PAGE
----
This summer Proia performs in “Twelfth Night” and “Titus Andronicus” with Nebraska Shakespeare and then stars as the Baker’s Wife in Stephen Sondheim’s “Into the Woods” with the Ozark Actor’s Theatre.
Then she’ll move back to New York where she earned her bachelor’s degree at New York University. “I feel I understand how it works on a certain level,” she said. “I went to grad school to fill in some holes and I’m coming back with a new attitude and more skills, and I’m excited to see where they can take me.”
It won’t necessarily mean work in New York. “New York is a hub for regional theaters to come in and audition. I would love to do that at least in the first part of my career,” she said.
It has been a busy year for Jesse Dornan, who played the title character in the Scottish play, was a last-minute replacement as Robert Livingston in “1776” and had major roles in “Glengarry Glen Ross” and “Clybourne Park.”
He is moving to Chicago to pursue theater, film and television opportunities.
“There’s a real Chicago community of actors and I think it’s a great place to live,” he said. “I want to eventually start a family and that would be a good place to raise a family. Everyone who has come out of there seems so nice.”
The students have worked with numerous Chicago actors who have spent the last few winters as members of the Asolo Rep company.
“One actor told me a story about Chicago. You’re in an audition and it’s like everybody wants you to get that role,” he said. “There’s sort of a competition thing, but the community is so supportive that you can get to know every actor and artistic director in two years.”
Razmann also is heading to Chicago, where she planned to go before she was accepted at the conservatory.
“I have a lot of friends who live in New York and work there at different levels of success, but every time I go there, I don’t feel very happy,” she said. “I enjoy being there for a week, but I don’t feel very settled, which makes sense because it’s not a settling place.”
Dornan said he found New York “overwhelming” during the few months he lived there.
A couple of their classmates, including Kelly Campbell and Francisco Rodriguez, may try Los Angeles. Some decisions could be made after their showcase next week. Jacob Cooper is going to try to build his base from Atlanta.
As they consider the lessons they’ve learned and the experiences they’ve had, the class members are also trying to figure out what success might mean to them.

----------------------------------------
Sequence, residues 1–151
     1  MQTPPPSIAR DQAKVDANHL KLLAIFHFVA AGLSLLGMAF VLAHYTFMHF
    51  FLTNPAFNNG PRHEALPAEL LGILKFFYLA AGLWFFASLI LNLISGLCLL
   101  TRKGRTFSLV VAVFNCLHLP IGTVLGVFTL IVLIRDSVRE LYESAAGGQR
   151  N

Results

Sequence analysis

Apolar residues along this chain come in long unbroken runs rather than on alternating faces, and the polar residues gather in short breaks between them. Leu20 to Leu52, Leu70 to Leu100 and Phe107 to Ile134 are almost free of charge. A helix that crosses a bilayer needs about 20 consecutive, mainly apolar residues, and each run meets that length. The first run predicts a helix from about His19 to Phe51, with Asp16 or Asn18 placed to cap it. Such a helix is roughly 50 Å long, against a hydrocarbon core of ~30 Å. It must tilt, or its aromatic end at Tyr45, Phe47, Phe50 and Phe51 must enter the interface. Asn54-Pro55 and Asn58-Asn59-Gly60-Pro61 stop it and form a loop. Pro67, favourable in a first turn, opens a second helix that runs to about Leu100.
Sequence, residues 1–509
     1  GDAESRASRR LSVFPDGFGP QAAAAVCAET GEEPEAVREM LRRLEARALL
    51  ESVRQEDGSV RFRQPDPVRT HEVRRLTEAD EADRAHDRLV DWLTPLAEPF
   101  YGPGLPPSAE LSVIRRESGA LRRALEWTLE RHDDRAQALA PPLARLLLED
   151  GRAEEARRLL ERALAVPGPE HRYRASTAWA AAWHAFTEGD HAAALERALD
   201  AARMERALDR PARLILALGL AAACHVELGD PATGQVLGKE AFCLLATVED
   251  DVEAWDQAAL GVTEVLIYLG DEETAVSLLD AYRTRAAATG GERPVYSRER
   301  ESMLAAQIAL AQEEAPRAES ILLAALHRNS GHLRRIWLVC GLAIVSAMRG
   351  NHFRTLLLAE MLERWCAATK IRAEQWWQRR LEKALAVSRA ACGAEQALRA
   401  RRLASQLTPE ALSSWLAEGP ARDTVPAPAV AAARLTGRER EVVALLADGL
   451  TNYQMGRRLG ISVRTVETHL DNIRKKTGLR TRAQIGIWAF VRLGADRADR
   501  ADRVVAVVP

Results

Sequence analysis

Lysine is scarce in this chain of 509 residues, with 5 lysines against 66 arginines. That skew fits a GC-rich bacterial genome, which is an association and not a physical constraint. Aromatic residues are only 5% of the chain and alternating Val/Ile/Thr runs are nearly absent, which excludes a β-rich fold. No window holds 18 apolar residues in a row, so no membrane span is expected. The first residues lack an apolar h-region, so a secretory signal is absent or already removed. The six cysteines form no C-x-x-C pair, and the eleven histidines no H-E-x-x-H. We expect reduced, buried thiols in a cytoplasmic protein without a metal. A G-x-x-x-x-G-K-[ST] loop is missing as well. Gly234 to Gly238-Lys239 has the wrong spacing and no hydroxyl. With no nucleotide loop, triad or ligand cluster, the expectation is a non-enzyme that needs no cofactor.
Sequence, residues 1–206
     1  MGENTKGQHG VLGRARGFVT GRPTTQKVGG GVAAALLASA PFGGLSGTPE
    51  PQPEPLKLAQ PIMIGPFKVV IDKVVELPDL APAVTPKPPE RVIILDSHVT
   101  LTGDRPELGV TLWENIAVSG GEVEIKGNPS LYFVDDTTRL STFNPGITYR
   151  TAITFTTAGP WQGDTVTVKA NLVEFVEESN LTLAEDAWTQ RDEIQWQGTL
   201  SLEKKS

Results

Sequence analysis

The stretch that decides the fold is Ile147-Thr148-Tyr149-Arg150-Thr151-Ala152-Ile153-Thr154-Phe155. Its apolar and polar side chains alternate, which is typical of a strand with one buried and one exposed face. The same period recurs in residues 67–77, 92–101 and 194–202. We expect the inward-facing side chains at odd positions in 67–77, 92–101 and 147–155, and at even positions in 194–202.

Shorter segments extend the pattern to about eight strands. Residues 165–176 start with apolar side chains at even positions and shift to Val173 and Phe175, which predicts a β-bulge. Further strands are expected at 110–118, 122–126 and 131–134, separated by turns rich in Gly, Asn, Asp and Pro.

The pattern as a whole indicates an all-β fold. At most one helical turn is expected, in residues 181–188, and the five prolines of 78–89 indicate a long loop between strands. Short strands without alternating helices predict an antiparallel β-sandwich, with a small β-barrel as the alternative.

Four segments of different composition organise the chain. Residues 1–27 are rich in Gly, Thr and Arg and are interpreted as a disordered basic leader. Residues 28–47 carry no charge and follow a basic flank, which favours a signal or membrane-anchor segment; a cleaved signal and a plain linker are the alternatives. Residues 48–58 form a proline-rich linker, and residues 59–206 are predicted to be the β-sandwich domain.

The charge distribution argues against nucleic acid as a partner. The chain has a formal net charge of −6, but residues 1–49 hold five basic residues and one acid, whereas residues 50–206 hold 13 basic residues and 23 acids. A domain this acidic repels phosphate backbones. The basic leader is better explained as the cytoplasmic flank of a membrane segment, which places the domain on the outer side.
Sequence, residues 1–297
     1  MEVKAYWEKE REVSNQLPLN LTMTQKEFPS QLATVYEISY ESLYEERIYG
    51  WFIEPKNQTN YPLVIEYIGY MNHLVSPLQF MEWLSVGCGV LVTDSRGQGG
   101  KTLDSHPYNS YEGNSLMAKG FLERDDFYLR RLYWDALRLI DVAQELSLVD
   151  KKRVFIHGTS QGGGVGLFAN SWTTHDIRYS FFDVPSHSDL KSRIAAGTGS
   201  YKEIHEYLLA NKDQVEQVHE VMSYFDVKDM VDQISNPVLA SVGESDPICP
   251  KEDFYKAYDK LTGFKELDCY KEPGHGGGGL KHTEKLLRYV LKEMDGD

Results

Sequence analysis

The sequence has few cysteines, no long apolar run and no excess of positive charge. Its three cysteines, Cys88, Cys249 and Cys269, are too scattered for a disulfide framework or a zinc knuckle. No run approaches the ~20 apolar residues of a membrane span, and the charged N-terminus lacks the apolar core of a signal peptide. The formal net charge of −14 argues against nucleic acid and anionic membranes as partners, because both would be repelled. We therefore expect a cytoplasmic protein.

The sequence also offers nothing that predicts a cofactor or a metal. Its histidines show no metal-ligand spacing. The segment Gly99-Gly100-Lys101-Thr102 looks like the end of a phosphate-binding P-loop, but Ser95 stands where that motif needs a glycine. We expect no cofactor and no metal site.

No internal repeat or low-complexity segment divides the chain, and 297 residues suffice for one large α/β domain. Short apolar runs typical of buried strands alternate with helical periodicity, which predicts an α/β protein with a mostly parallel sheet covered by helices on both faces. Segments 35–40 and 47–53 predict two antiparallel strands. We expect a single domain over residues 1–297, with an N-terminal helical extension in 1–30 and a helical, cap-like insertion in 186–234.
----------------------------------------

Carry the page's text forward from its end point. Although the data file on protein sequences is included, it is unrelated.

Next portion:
“It’s hard to tell what success is,” Razmann said. “Is it knowing I can wake up and take a 10-minute train ride to the theater and raise my family in that city, or is it to be a wandering artist gypsy and travel to all these fabulous theaters and places and experience America that way. They both have positives and negatives. My mind is being blown every day by all these options.”
Whichever path they pursue, or wherever the stage or screen leads them, the students have learned that it takes persistence and a sense of confidence to keep trying when they just miss out for a role or are rejected because of their size, hair color or some other “shortcoming” to prevent their being cast.
“It’s always a struggle to keep the positivity and the confidence. I try to make myself as prepared as possible,” said Proia. “If you did your absolute best at that audition, given whatever circumstances, you have to leave with a positive feeling. If something happens, great; if not, maybe three years from now I might get a job.”
Razmann said kindness also can be a factor.
“I always hope to work with very kind people in my life and hope people find me to be kind,” she said. But she also wants to be respected for her abilities. “I can still produce good work and not compromise kindness in order to do that.”
Acting careers take some sacrifice. “This is a really hard job. This is a hard life,” Razmann said.
That’s because the joys of getting or starting a new role must be tempered by the reality that it won’t last forever. Every show or movie comes to an end.
“You have to make it work for yourself,” Razmann said, and try not to worry “about where my next check’s coming from and how I’m going to make it to the end of the month. It’s an amazing career. I love being 25 and making 10 percent of the money my friends make. But they hate their jobs and I love my job.”